This from today's Irish Independent:
Children who take drugs
THE cases come to our attention in newspaper reports of court cases or individual tragedies.
Gardai raid a cocaine mixing factory in Clondalkin and discover two 15-year-old boys in charge. A teenager, high on ecstasy tablets, gouges his own eye out at a party. An inner city drug dealer is jailed for 12 years and the court is told he used vulnerable teenagers as pawns.
Parents take out barring orders against their drug addict children in order to avoid eviction.
A 17-year-old Dublin girl, a drug addict, is charged with loitering in a public place with intent to solicit for prostitution. A 16-year-old homeless boy, an addict since he was 13, begs to be taken in to St Patrick's Institution for Christmas.
A 16-year-old boy, whose heroin addiction caused him to attack his father and wreck his family home, is arrested. An 18-year-old who escaped from a drug treatment centre in Portarlington is jailed for five years for various crimes.
Individually, the cases evoke shock and dismay, sometimes pity.
Collectively they add up to a growing scourge that, if it remains uncurbed, has the potential to destroy whole generations.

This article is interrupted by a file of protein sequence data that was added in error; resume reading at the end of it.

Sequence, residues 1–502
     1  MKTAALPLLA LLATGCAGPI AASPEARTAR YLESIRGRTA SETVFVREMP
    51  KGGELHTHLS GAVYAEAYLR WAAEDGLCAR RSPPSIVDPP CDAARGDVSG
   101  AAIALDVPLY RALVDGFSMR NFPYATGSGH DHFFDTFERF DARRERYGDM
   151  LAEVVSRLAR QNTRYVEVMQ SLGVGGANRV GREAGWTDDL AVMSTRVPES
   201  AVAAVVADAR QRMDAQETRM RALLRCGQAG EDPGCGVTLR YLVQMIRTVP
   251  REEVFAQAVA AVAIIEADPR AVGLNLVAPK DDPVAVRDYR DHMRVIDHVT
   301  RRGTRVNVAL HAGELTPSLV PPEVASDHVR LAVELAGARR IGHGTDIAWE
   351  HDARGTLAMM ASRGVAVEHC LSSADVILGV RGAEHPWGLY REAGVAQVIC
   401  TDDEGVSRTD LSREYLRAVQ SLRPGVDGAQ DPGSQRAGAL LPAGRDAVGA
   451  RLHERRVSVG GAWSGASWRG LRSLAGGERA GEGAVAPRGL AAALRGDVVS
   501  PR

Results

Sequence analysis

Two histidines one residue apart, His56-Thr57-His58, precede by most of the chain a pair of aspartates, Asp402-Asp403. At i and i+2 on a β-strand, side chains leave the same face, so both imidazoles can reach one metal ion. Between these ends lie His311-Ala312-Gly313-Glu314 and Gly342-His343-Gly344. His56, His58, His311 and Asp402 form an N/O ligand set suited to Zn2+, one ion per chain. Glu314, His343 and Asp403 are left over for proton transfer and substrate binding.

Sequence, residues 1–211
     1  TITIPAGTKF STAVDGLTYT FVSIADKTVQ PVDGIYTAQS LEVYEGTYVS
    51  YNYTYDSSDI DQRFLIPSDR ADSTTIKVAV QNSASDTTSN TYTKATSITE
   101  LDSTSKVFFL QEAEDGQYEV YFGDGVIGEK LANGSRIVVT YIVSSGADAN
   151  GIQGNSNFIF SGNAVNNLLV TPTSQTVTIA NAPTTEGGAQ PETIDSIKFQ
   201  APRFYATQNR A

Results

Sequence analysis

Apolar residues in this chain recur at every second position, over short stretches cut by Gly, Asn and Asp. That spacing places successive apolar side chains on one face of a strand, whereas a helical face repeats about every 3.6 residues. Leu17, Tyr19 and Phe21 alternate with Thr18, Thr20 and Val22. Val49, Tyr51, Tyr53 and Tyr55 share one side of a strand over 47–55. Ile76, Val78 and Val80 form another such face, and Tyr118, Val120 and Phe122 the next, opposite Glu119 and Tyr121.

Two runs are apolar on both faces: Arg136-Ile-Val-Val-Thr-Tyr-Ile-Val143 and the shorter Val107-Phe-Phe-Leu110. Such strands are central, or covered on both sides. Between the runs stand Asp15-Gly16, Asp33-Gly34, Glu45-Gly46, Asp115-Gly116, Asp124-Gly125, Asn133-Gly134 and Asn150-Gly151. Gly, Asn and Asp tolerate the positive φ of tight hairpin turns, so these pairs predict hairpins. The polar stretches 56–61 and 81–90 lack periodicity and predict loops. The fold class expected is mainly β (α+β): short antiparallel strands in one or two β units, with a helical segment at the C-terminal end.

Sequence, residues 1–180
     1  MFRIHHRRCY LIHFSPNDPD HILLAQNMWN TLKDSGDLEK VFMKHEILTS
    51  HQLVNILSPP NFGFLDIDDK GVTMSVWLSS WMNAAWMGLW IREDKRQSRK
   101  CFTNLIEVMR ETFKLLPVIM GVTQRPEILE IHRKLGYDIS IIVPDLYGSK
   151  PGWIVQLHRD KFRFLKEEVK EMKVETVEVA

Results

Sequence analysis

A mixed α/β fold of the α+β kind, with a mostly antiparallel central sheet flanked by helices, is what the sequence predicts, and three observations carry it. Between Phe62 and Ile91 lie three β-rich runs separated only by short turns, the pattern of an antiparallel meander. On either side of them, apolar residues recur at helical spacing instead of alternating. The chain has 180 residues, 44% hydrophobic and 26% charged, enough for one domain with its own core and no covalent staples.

A few years ago, a study by the Garda Research Unit in Templemore found that one in four Irish teenagers had experimented with drugs.
Before that, a Southern Health Board investigation had put the ratio at one in five.
We report today that a sweeping survey on the welfare of Irish children reveals that two out of every five children in this country have taken drugs.
Further, the massive report from the Office of the Minister for Children tells us that the percentage of girls who have used an illicit drug at some time has increased dramatically in recent years. And, in a survey of 36 countries, Irish children have the third highest levels of illicit drug use.
Tomorrow's report will cover 50 different aspects of our children's lives and the news is not all bad.
For example, Irish youngsters love their sports and this is reflected in superior physical fitness compared to other countries.
However, even given the difficulty of compiling statistical data in a difficult area such as drug-taking by children, the trend is clear, relentless and genuinely frightening.Young women as targets.
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